Thursday, August 31, 2017

Girl In Pieces

Can I just start by saying that the young adult book market is starting to get heavy with its content. I think it’s good that there are young adult authors who can present content that is difficult to approach and doing it in a way that is reader friendly and capturers the reader’s engagement. Not to sound like a grandmother but when I was younger Harry Potter, The Sisterhood of the Traveling Pants, Gossip Girl, A-List, Twilight is what dominated the young adult section and it is interesting to see how the content has evolved over the years. And I think with everything that is on social media and our current society that maybe the change in content here and there is good to bring awareness to certain topics and cause teenagers to be more aware of how their friends are feeling and such.

Girl in Pieces, by Kathleen Glascow, is not a complicated book to read and it Glascow did a very good job at keeping the reader invested in the books and the main character. However, it took me about three weeks to get through a book that would normally take me a week or so to finish, because of the content and the nature of the book. I had heard very good things about Girl in Pieces and the book definitely lived it up to the hype.

Seventeen year old Charlotte Davis, feels like she is in pieces; she is carrying around more at her young age than most people face in a life time. Having a father who drowned in a river, a best friend who is gone forever, and a mother who has nothing to give you, Charlotte turns to broken glass to cause her to feel something again and forget the tragedies of her past, even if it is short lived.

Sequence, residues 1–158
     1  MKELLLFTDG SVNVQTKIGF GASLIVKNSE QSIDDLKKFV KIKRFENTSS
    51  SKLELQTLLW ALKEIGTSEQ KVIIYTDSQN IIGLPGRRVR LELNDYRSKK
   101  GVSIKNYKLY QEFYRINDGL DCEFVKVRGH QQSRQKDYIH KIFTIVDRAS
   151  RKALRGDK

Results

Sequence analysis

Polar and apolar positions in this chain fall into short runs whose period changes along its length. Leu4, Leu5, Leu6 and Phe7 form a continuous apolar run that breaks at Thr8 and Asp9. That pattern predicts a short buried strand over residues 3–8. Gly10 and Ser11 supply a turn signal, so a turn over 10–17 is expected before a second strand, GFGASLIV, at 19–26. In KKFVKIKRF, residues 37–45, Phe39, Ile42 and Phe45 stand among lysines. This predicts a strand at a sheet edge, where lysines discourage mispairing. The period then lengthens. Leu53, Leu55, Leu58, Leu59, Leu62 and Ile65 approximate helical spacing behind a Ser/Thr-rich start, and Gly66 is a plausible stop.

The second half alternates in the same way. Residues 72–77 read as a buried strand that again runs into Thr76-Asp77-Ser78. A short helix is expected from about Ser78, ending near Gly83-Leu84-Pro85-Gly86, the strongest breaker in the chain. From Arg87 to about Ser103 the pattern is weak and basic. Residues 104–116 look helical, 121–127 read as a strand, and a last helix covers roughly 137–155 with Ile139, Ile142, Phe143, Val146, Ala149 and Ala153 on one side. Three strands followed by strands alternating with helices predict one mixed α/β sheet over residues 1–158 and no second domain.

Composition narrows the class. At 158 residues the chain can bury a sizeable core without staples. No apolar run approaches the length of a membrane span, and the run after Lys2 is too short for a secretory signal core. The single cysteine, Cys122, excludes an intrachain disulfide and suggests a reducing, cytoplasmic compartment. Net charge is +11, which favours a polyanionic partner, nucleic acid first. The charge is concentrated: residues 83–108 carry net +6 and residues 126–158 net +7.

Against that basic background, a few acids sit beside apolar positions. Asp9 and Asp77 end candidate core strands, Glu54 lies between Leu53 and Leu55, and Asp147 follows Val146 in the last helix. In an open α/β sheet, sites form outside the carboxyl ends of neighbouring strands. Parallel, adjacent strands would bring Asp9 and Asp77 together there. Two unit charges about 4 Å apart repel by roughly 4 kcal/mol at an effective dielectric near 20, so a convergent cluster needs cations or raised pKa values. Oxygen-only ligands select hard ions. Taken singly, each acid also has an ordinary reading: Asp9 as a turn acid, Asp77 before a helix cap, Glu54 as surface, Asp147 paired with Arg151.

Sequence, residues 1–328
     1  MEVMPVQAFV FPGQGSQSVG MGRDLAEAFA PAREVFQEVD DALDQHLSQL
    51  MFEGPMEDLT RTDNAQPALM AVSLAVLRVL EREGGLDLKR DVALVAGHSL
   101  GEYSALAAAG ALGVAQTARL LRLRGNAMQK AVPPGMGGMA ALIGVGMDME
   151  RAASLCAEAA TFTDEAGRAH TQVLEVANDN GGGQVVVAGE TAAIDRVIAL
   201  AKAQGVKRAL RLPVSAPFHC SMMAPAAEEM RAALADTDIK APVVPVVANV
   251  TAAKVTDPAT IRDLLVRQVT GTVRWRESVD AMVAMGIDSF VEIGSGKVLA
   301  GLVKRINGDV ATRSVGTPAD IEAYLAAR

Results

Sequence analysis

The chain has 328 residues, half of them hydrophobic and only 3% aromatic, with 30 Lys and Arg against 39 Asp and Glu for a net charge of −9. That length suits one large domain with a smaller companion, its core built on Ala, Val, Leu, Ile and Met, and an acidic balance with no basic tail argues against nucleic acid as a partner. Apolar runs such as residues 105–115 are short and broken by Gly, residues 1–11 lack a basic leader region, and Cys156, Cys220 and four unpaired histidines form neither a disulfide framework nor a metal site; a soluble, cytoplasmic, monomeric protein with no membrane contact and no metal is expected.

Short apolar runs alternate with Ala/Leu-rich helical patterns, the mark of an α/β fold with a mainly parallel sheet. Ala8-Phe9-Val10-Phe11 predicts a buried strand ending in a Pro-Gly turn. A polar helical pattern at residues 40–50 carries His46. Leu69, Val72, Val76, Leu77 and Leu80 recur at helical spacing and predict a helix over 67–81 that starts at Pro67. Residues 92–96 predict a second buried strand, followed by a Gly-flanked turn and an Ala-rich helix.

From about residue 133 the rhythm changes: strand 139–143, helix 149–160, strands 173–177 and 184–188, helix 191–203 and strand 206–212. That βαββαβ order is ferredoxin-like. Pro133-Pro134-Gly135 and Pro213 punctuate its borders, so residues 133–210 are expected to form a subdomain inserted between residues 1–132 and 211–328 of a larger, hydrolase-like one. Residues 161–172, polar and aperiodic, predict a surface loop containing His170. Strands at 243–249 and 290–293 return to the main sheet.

Charlotte finds herself in a rehab center after living for months on the streets. After her grandmother is no longer able to pay for her stay a friend of Charlotte’s out in Arizona gives Charlotte a hand to reach for. This is a book that paints a picture of a girl who has had so much taken from her and the journey she undergoes to put herself back together in order to be able to walk herself back to the path that is meant for her.

Glasgow’s debut novel is one that brings out emotion for the character and a very honest story about a very tough subject. I highly recommend this book, but be warned, it is not a light hearted book, so you may want to have another book to reach for when at time when Girl in Pieces gets a little too heavy.

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